(Offered as ARHA 231 and FAMS 343) From the found-footage experiments of the avant-garde to the digital remixes of the networked age, artists have used pre-existing material to question the ideologies of dominant media, explore technological possibilities or play situationist pranks. With the advent of file-sharing platforms, streaming video and cheap DVDs, we live in an era dominated by what Hito Steyerl calls “the poor image” – low resolution, second- or third-generation images whose quality has been sacrificed for accessibility. The availability of this material has allowed artists to work with economy, speed and to borrow the aesthetics of cinema and television for their own purposes, but it also foregrounds many problematic questions of authorship and ownership.
This course is a hands-on investigation into the practice of recycling, recontextualizing and remixing moving images. We will screen found-footage work, collage films, and remakes in addition to discussing readings by filmmakers, artists, and theorists that will provide ideas and models for our own production. The class will also review the fundamentals of editing and cinematography as we re-edit found images and combine them with our own footage.
Limited to 12 students. Fall semester. Visiting Professor Levine.2016-17: Not offered
(Offered as THDA 353 and FAMS 345.) An advanced course in the techniques of creating performance. Each student will create and rehearse a performance piece that develops and incorporates original choreography, text, music, sound and/or video. Experimental and collaborative structures and approaches among and within different media will be stressed. The final performance pieces and events will be presented in the Holden Theater. Can be taken more than once for credit.
Requisite: THDA 252 or the equivalent and consent of the instructor. Fall semester. Professor Woodson.2016-17: Offered in Fall 2016
(Offered as ENGL 381 and FAMS 351.) Film theorist Siegfried Kracauer declared that some of the first films showed “life at its least controllable and most unconscious moments, a jumble of transient, forever dissolving patterns accessible only to the camera.” This course will explore the ways contemporary narrative films aesthetically represent everyday life–capturing both its transience and our everyday ruminations. We will further consider the ways we incorporate film into our everyday lives through various modes of viewings (the arthouse, the multiplex, the DVD, the mp3), our means of perception, and in the kinds of souvenirs we keep. We will look at films by Chantal Akerman, Robert Altman, Marleen Gorris, Hirokazu Koreeda, Marzieh Makhmalbaf, Terrence Malick, Lynne Ramsay, Tsai Ming-liang, Agnès Varda, Wong Kar-wai, and Andy Warhol. Readings will include work by Roland Barthes, Walter Benjamin, Marlene Dietrich, Sigmund Freud, and various works in film and media studies. Two class meetings and one screening per week.
Not open to first-year students. Limited to 30 students. Omitted 2013-14. Professor Hastie.2016-17: Not offered
(Offered as ENGL 373 and FAMS 353.) U.S. film in the 1970s was evident of tremendous aesthetic and economic innovation. Rife with but not limited to conspiracy, disaster, love and war, 1970s popular films range from the counter-cultural to the commercial, the independent to the industrial. Thus, while American cinema of the first half of the decade is known as the work of groundbreaking independent “auteurs,” the second half of the decade witnessed an industrial transformation through the emergence of the giant blockbuster hit. With a focus on cultural and historical factors shaping filmmaking and film-going practices and with close attention to film form, this course will explore thematic threads, directors, stars, and genres that emerged and developed during the decade. While the course will largely focus on mainstream film, we will set this work in some relation to other movements of the era: blaxploitation, comic parodies, documentary, and New American Cinema. Two class meetings and one screening per week.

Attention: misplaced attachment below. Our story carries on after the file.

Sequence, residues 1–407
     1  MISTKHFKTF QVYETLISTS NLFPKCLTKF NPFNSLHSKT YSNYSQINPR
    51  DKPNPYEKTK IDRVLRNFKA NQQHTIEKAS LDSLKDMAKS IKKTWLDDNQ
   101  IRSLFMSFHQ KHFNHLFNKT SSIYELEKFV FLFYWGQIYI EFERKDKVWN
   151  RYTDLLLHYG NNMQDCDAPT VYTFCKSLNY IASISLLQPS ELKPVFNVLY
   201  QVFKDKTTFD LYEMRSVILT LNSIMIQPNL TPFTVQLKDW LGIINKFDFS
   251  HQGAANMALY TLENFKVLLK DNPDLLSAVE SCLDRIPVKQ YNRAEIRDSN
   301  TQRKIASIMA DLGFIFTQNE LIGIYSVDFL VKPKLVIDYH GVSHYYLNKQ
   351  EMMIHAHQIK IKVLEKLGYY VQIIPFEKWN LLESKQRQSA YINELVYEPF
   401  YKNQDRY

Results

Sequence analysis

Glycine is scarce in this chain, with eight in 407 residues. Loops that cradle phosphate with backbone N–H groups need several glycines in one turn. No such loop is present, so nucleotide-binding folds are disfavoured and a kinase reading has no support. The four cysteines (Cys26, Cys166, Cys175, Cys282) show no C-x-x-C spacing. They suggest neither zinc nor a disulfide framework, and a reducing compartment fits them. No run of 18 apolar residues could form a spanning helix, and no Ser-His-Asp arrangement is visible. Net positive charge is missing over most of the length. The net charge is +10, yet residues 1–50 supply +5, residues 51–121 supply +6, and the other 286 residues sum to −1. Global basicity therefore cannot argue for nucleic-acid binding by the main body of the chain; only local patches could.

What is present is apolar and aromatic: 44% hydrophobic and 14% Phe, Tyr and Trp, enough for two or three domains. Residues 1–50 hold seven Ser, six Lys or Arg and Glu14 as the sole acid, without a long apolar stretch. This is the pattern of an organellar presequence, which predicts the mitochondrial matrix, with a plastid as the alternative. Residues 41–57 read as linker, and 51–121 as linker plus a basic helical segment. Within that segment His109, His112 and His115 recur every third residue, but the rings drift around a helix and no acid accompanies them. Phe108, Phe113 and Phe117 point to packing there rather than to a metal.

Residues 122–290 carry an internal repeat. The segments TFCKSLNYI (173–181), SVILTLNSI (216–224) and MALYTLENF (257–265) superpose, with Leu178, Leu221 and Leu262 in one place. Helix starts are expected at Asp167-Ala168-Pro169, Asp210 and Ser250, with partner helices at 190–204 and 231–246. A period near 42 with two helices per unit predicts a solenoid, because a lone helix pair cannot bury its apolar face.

Prior coursework in Film and Media Studies is recommended but not required. Not open to first-year students. Limited to 25 students. Spring semester. Professor Hastie.2016-17: Not offered
(Offered as FAMS 356 and ENGL 375.) Film flourished in the U.S. as a popular form amidst the rise of modernity. Born of the industrialization and urbanization that defined the twentieth century, it was at once “high” and “low,” an autonomous art and popular cultural form. Given this historical and aesthetic basis, to claim it also as “classical” seems inherently contradictory. Using a variety of critical and theoretical texts, the primary objective of this course is to negotiate the many ambiguities of understanding “classical” cinema as an artistic practice that represents the experience of modernity. This course will develop an understanding of what traditionally has been called Classical Hollywood Cinema – the period from roughly 1930-1960 – through looking at canonical films (from Charlie Chaplin’s Modern Times to John Ford’s Young Mr. Lincoln to Hitchcock’s Rear Window) and readings in film and aesthetic studies. We will utilize small group discussion and writing assignments to help us to articulate the relationship between this coherent tradition of filmmaking and the complexities of modernist aesthetics.